Then you are telling us you don’t know what objectivity means outside an empirical frame of reference. The question would be then, can it mean something outside that philosophical frame of reference. I believe it can, and, I think, so do many theologians. Certainly, the post-modern ones, the Radical Orthodoxy people and many in those same streams, and Eastern Orthodox do.

    “I understand that you mean that you think he would exist even if nothing else did. But, that’s just your perspective.”

    Yes, that is correct, it is my perspective. But, it is not “just” my perspective. It could also be a true perspective—meaning true whether you agree with me or not. It might be the actual state of affairs, what really “is.” And, it may not be. Whether it is or isn’t, doesn’t make anyone’s perspective “just” their perspective. The reason we need to note a person’s assertions are a perspective (coming from a philosophical framework) is only when they are claiming their view is completely objective, neutral, not value laden, and purely based upon the “facts” and the “evidence”. Clearly I am not doing that. Otherwise, however, a person’s perspective is never “just” their perspective, because it could be true as noted already.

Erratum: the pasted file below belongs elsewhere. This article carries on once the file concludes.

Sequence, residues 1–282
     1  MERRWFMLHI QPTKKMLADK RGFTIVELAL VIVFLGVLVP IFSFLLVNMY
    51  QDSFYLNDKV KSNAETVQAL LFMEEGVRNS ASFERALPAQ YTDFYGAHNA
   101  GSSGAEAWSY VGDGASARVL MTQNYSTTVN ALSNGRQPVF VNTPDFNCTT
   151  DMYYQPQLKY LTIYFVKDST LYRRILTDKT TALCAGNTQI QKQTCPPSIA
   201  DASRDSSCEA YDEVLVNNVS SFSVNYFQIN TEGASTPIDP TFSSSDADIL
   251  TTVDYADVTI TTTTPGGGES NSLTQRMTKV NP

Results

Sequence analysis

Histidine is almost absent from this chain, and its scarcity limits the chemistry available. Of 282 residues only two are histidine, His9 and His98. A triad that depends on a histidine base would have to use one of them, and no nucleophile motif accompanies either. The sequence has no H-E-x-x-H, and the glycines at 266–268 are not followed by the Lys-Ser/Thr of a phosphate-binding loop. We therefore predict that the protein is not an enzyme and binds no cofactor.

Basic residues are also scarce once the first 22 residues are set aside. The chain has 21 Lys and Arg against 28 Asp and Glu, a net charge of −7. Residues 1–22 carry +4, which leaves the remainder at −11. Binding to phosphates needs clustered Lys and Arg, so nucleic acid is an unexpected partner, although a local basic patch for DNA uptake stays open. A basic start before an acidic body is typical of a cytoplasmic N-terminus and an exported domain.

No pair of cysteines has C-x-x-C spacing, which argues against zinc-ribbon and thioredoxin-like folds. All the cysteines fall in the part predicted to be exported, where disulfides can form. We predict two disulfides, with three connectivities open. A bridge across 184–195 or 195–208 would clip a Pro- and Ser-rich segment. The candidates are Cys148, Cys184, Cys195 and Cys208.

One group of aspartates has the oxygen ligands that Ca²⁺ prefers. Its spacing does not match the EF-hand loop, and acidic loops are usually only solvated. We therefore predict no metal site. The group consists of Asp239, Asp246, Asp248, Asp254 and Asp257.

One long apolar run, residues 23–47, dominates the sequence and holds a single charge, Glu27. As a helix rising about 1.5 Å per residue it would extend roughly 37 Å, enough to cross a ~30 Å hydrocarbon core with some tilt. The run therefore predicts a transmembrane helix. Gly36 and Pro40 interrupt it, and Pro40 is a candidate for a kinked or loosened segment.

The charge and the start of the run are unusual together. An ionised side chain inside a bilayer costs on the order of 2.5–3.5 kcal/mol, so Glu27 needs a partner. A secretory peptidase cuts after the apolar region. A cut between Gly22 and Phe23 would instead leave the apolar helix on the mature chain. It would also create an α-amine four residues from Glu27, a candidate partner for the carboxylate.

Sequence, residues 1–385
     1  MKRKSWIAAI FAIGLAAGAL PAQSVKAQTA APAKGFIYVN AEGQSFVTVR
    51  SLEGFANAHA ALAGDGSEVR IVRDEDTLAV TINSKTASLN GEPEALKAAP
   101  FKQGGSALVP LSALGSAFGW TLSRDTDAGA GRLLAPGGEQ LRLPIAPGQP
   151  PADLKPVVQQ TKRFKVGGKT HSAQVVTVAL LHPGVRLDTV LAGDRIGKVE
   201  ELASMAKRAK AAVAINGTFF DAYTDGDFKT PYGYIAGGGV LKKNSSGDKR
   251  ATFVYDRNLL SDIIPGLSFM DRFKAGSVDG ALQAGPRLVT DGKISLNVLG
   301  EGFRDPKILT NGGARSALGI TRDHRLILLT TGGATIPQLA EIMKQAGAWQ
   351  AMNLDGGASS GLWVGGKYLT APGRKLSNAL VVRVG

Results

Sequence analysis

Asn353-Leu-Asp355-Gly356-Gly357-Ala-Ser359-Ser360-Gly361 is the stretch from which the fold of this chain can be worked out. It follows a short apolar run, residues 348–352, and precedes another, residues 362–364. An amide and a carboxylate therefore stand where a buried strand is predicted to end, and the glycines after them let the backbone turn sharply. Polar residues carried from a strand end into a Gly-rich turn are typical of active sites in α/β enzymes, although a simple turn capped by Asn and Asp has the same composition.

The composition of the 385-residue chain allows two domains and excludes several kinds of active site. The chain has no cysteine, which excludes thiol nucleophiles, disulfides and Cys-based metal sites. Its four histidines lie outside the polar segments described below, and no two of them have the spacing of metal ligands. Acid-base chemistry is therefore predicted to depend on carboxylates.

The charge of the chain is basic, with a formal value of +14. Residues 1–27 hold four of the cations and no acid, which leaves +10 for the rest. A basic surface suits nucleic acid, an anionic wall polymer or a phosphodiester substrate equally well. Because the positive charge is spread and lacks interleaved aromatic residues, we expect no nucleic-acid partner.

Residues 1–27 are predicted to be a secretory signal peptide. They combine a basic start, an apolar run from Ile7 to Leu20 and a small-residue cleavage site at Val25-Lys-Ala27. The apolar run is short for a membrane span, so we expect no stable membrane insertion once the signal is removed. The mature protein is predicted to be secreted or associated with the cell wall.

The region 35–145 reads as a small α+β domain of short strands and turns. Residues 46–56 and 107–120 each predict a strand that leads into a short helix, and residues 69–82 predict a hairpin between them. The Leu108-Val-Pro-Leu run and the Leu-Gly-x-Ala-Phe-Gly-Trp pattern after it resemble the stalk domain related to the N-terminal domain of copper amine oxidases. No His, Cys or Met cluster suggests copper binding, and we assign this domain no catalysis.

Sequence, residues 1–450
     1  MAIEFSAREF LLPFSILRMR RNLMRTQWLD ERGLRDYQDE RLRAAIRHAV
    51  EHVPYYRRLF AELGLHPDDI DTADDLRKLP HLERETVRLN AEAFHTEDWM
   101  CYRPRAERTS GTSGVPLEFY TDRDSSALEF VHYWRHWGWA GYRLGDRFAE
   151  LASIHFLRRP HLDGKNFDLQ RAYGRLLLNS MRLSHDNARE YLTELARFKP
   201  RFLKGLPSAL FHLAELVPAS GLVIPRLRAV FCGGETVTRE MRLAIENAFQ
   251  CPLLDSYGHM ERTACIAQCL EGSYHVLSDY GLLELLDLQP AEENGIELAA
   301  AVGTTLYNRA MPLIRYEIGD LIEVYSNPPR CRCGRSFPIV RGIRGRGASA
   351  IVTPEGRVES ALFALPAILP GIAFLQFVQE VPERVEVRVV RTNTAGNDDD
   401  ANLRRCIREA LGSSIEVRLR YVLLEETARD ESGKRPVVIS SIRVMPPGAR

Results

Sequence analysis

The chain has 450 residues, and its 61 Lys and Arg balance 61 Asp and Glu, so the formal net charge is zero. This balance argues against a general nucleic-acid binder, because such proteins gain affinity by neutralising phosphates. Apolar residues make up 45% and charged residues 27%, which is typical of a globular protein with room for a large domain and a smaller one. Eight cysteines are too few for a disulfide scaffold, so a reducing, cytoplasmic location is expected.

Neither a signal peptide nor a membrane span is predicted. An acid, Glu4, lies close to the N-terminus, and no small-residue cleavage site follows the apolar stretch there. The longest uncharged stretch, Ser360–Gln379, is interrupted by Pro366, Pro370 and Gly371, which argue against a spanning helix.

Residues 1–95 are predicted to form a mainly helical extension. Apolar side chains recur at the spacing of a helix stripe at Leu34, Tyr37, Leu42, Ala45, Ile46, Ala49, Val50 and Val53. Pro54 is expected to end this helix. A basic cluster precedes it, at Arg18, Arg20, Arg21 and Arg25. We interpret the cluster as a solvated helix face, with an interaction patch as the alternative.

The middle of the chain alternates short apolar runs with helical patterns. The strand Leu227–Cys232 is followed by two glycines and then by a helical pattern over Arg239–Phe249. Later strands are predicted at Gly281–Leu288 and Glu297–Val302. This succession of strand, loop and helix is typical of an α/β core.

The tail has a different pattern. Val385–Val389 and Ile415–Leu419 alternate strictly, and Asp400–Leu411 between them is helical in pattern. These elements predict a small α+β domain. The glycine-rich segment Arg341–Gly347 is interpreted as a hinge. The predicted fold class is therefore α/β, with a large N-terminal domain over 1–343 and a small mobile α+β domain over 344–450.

“…So applying a term like “objective” to God makes sense within your frame of reference and to others who share that frame. But to anyone outside that frame (i.e. Burk) it’s meaningless…”

    No, I don’t think it is meaningless—I just think it is disagreed with. Just because someone, Burk, or whomever, disagrees with my perspective, doesn’t make it meaningless and it doesn’t mean they don’t understand what I am asserting.